Proper diet and exercise can help you build muscle. Recent research shows that ashwagandha can take this a step further by enhancing strength and increasing muscle size. One study indicated greater speed and strength as a result of ashwagandha, while another identified lower body fat overall.
While ashwagandha seems to feature a number of benefits, the majority of clinical trials have been completed on just a small number of participants. More research is needed to understand—and fully establish—the benefits of the plant, especially over a prolonged period of time.
Please note that ashwagandha may be unsafe if you are immunocompromised, preparing for surgery, or experiencing a thyroid condition. It may also be unsafe if you are pregnant, breastfeeding, or allergic to nightshades or other grasses.
Additionally, proceed with extreme caution before taking ashwagandha if you are on prescription medication. Always talk to your healthcare provider for more information on supplementation before starting a new product.
Explore Ashwagandha Supplementation Today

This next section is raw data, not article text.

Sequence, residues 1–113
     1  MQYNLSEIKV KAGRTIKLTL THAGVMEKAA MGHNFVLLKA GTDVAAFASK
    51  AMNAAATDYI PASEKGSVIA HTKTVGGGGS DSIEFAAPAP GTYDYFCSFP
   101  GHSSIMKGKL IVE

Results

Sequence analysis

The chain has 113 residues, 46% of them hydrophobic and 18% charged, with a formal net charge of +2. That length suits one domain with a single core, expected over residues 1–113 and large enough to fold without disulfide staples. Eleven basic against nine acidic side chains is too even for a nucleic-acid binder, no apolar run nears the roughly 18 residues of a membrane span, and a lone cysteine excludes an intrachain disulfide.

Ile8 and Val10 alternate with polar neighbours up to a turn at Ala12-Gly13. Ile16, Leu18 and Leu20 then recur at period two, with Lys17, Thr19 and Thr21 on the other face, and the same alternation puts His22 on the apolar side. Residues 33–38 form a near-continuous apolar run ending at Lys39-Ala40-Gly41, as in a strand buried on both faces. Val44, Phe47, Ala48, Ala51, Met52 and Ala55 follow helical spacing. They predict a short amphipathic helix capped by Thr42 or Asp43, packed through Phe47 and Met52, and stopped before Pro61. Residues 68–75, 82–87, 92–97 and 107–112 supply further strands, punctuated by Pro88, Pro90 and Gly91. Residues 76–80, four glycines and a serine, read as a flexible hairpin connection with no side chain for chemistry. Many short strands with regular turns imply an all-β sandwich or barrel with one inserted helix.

As we all know, these are stressful times. Experts suggest ashwagandha can help mitigate the anxiety so many of us face. The herbal supplement—combined with consistent exercise, a healthy diet, and sufficient sleep—can improve our stress response and help us thrive.
Just be sure to delve into your ashwagandha experience with plenty of knowledge and support. A reminder that before starting any new supplement, you should speak with a medical professional. Your healthcare provider can point you in the right direction, helping you navigate your options, explore different doses, and evaluate the potential risks involved in supplementation.
Do you have questions about ashwagandha? Balanced Health has answers.1 Our team offers a range of vegan-friendly, non-GMO supplements that are free from artificial flavors and ingredients. A unique blend of nutritious and delicious, we’ll be happy to guide you through your options. Please contact us for more information.
1 These statements have not been evaluated by the Food and Drug Administration.